AMD Risk and Aspirin Use
BY LEO SEMES, OD, FAAO
About a year ago, an increased risk relationship between aspirin use and age-related macular degeneration (AMD) was reported by the Beaver Dam Eye Study (Klein et al, 2012). The study follows a cohort of patients generally of European and Caucasian descent in the Midwest. The results suggest that 10 years of aspirin use may represent a small increased risk for neovascular AMD. However, shorter-term regular use of aspirin (<5 years) was not associated with either early, late, or neovascular AMD. Without looking closely at the results, it would be tempting to contemplate recommending that patients who have early signs of AMD consider discontinuing their aspirin regimen.
A Prescribed Aspirin Regimen
Aspirin is used for primary and secondary prevention of cardiovascular events (Siller-Matula, 2012). The benefit of aspirin in low-risk cases has been reported to be minimal to questionable (Berger, 2010). While its use is widespread, aspirin’s ophthalmic complications have been reported only sparsely (Black and Bensinger, 1982; Elgohary and Gormley 2005; Witmer and Cohen, 2012).
Can we connect subconjunctival, macular, or even vitreous hemorrhage as a consequence of aspirin use? These rare if significant complications along with the low likelihood of aspirin use complicating AMD suggest that we should not tamper with recommended aspirin use.
Two Recent Studies
Two recent epidemiological studies looked at hemorrhagic complications associated with aspirin use. One study specifically addressed the association of aspirin use and bleeding among diabetics compared with non-diabetics (De Berardis et al, 2012). This report examined the records of more than 1.4 million people. Because it was done in Italy, the dose was specified only as ≤300mg. The investigators looked specifically at major bleeding, defined as gastrointestinal bleeding requiring hospitalization and intracranial bleeding episodes. Interestingly, no ophthalmic events were reported. The study design did not mention that ophthalmic events were monitored. The study protocol was careful to account for a number of other confounding factors such as systemic medication use, smoking, and other lifestyle items.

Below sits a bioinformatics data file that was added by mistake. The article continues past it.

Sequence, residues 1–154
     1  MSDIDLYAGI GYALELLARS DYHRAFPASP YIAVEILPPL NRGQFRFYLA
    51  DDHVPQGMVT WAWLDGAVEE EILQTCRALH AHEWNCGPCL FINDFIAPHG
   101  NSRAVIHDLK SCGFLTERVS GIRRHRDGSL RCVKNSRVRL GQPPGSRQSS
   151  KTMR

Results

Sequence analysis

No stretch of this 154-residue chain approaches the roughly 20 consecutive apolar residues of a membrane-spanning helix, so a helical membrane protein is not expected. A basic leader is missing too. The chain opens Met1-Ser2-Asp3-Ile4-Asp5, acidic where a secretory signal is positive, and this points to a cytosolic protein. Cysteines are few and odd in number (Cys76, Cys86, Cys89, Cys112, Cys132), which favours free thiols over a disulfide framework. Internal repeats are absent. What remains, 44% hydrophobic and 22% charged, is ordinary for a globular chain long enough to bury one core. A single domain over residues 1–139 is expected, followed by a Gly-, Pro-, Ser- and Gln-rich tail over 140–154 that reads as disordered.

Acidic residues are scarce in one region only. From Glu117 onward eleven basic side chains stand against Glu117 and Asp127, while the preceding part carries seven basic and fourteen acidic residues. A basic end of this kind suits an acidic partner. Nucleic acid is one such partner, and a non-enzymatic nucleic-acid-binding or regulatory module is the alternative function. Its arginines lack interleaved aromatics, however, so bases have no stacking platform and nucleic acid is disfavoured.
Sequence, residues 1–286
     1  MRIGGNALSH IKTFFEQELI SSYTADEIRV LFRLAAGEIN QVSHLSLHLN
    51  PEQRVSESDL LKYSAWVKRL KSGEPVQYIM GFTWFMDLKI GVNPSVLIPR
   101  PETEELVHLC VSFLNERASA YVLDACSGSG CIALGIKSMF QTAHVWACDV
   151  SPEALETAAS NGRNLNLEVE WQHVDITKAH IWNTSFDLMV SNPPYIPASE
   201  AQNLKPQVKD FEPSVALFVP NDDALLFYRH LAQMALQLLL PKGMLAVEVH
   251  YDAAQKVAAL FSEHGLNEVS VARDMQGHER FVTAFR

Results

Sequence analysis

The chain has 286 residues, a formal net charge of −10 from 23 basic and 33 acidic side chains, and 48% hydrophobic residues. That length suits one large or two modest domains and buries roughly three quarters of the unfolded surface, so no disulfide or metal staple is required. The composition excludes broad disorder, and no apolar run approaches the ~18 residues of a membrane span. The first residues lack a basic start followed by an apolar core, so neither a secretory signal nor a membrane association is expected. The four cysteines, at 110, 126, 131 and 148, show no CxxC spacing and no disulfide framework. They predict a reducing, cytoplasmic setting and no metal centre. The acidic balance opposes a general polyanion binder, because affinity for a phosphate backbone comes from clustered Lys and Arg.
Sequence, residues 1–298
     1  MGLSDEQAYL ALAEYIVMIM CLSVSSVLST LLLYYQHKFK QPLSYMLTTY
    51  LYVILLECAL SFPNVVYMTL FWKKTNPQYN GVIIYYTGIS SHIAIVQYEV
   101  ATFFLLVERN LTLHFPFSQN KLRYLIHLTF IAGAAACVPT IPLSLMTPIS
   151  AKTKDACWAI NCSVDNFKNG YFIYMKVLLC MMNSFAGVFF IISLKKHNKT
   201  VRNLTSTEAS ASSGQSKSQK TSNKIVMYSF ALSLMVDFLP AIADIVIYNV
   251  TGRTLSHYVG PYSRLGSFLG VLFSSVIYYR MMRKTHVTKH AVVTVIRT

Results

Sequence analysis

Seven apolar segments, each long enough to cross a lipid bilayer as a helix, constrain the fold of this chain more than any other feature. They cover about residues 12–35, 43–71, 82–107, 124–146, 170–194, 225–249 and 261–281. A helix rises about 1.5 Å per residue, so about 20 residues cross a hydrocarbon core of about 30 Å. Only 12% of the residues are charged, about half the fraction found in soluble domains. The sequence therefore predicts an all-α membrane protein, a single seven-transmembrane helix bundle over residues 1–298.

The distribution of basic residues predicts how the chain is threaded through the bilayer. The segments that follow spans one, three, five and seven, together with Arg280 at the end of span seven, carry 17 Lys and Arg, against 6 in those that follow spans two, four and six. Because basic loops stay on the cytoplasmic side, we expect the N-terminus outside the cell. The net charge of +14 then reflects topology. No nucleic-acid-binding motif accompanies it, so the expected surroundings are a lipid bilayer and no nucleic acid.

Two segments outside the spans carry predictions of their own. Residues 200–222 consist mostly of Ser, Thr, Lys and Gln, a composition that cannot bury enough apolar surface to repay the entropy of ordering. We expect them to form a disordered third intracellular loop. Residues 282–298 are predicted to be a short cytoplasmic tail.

Surprisingly, despite the fact that diabetes is a known vasculopathy, aspirin use produced only marginally greater risk of serious bleeding events among diabetics. The authors offered the explanation that an accelerated platelet turnover rate in diabetics could be responsible as a protective effect. The bottom line is that serious systemic bleeding risk is not potentiated by aspirin use.
The Blue Mountains Eye Study has been ongoing outside of Sydney, Australia, for years. Their cohort consists of a population that is similarly stable to that of the Beaver Dam Eye Study. In a recent report, this group concluded that regular aspirin use is associated with an increased risk of developing neovascular AMD in subjects followed over a 15-year period (Liew et al, 2013). Some perspective is in order here. Regular aspirin use was defined as once or more per week, with occasional use defined as less than once per week for the past year. In Australia most aspirin is 150mg as opposed to the 325mg dose available in the United States.
One interpretation of these seemingly conflicting results is that we should monitor our patients who are on aspirin therapy more closely for AMD complications. Recommending discontinuation of aspirin therapy is not consistently supported by large studies. Perhaps we can take solace in the fact that primary-care practitioners face some of the same conflicts (Kent and Shah, 2012). CLS
To obtain references for this article, please visit http://www.clspectrum.com/references.asp and click on document #209.
Dr. Semes is a professor of optometry at the UAB School of Optometry. He serves on the advisory board or speakers’ bureau of Alcon, Allergen, Optovue, Med Op, Merck, and B+L.